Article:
With the introduction of Welbeck this changed slightly, with another option United were able to look longer, stretching the game. Welback immediately won headers and linked the play, opening up space, causing City to retreat, giving Scholes more time on the ball to pick a pass, they looked more effective using their normal system which wasn’t a surprise. However even with the extra time and space, City’s defence was exemplary. Only once was a runner not tracked and on that occasion Phil Jones couldn’t deliver a cross to punish the mistake. Mancini brought on De Jong for Tevez and once again the space was gone.

To me, this game points to what many were saying before the start of the season. That United needed to sign a new central / attacking midfielder, they were linked with Wesley Sneijder but the deal never happened. Ferguson likes to play Rooney off Welbeck in the hole and in a 4-4-2 with Valencia and Young / Nani wide. They are a threat going forward because they stretch the game with width as they proved against Everton. The trouble is in that system they are vulnerable in the middle and in transition, again as they proved against Everton.

United don’t have a Yaya Toure, someone who is strong in possession and can carry the ball from deep in transition in a central area, who has the legs to get from box to box. I think United looked best going forward at the start of the season with Anderson and Cleverley in the middle and both were missing for this game. Anderson is a box to box type of player, but he’s not in Toure’s class. Cleverley is somewhere between Anderson and Carrick and although I’m excited by his potential, Yaya Toure he is not.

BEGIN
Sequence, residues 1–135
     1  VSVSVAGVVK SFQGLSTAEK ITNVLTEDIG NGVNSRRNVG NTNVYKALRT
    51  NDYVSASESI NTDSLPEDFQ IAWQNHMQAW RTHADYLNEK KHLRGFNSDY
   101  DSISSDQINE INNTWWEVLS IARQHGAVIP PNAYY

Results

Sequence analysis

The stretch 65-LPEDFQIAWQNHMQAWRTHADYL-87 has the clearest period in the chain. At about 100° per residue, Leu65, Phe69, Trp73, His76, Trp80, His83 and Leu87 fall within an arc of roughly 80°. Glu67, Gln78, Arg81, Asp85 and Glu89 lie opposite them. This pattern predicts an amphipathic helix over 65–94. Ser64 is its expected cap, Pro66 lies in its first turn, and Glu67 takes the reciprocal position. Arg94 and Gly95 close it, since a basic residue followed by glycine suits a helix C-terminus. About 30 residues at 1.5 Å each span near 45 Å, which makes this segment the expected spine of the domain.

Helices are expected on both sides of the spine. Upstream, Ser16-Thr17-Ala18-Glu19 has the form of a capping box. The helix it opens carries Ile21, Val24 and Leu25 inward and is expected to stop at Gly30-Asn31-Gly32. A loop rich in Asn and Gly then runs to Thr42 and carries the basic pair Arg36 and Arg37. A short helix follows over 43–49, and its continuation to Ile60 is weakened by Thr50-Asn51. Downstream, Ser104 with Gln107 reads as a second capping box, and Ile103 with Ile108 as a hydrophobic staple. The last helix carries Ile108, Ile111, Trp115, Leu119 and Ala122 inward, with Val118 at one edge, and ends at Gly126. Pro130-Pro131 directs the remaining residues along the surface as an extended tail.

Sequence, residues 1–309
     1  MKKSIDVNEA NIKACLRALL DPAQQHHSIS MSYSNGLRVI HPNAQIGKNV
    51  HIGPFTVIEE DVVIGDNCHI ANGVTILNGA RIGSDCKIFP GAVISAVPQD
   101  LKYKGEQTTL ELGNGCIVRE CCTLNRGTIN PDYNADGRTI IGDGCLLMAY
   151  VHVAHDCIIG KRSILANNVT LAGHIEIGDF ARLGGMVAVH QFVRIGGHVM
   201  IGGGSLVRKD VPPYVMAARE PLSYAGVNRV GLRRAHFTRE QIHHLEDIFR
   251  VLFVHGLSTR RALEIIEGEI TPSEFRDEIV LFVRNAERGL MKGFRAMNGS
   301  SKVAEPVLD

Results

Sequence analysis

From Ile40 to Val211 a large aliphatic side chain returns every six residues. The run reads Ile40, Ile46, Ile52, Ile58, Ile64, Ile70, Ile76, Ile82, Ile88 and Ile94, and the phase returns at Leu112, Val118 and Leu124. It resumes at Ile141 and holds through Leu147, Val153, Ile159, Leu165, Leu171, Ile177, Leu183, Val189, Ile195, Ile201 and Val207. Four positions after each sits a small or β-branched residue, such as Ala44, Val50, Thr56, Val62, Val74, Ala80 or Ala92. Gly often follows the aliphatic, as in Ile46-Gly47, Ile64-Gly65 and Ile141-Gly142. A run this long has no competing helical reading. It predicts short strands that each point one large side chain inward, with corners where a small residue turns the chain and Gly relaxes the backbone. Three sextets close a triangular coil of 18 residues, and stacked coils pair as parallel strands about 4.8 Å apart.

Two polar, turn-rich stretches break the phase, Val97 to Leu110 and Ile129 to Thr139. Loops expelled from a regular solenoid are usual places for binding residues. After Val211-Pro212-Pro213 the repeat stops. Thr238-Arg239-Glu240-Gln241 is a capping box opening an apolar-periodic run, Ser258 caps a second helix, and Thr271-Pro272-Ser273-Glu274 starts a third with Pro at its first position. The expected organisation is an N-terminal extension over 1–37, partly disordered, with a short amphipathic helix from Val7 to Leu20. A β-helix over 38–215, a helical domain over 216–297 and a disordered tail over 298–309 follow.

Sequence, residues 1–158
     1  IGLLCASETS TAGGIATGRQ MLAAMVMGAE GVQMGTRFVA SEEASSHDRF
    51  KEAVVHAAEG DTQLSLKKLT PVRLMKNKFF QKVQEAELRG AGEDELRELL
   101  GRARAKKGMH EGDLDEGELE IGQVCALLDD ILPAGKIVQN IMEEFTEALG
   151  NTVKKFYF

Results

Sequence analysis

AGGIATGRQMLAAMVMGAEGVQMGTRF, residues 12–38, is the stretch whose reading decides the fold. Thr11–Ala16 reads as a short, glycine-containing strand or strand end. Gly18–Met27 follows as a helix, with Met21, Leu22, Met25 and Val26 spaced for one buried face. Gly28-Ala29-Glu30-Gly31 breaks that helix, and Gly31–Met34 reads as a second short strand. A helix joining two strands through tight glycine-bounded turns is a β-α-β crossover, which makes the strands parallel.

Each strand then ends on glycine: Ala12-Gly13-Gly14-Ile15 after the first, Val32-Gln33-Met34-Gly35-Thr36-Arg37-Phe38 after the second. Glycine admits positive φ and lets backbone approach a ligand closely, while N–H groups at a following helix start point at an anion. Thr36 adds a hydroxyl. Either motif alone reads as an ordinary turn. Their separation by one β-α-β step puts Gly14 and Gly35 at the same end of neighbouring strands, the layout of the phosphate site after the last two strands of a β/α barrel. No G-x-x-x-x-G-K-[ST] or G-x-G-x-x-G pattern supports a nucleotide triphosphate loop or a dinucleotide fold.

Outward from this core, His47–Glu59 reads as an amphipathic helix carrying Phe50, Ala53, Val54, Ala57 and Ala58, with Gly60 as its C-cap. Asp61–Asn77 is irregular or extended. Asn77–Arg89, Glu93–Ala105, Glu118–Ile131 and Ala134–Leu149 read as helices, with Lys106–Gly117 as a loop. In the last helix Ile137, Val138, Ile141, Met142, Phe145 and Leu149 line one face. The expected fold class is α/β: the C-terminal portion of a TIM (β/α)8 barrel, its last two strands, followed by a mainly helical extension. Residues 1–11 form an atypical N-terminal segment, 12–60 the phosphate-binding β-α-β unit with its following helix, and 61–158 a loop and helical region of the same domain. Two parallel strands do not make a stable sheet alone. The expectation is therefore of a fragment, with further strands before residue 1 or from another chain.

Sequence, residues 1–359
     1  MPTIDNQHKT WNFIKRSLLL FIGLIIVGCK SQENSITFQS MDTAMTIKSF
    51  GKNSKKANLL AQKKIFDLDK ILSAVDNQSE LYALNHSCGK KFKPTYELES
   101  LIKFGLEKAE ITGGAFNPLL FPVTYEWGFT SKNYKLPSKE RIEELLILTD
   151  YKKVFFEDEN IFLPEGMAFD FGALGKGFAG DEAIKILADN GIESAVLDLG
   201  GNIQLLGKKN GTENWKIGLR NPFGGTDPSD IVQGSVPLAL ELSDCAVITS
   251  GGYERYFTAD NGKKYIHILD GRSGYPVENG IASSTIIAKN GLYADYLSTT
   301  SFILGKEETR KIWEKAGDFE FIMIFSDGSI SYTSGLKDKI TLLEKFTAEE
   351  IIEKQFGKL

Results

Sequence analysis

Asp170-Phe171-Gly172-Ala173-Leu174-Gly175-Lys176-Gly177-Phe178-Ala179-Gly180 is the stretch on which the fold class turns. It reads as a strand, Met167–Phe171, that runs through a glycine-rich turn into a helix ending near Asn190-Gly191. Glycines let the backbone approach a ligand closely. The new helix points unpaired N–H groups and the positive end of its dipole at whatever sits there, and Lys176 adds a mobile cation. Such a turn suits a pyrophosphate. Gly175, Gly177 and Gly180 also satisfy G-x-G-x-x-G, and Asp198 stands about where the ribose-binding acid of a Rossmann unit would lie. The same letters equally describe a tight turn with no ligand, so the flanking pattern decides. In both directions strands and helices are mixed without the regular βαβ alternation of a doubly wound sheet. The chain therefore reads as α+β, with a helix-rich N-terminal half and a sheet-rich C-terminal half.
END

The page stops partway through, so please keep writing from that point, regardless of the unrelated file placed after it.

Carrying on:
Eden Hazard would offer something different for United.

What United also lack is a David Silva / Samir Nasri. A clever player who finds space and comes in from the flank. Nani, Ashley Young and especially Antonio Valencia are all much happier in wide areas. Although Young and Nani often cut inside and link up, neither of them look comfortable starting from a central position. Juan Mata does it exceptionally well for Chelsea, he is a player who can play the intricate reverse pass in the final third that can unlock a top notch defence in a tight game and I’m not sure any of United’s men fit that description.

I’m not surprised I’ve read stories linking United with Cheik Tiote as he would certainly add something in line with Toure and I’m even less surprised to see Ferguson taking an interest in Eden Hazard, just take a look at this video. City are now the real deal and if United want to stay with them, they are going to need reinforcements with the rumours that Darren Fletcher is set to retire and replacements for the likes of Giggs and Scholes, because they aren’t getting any younger.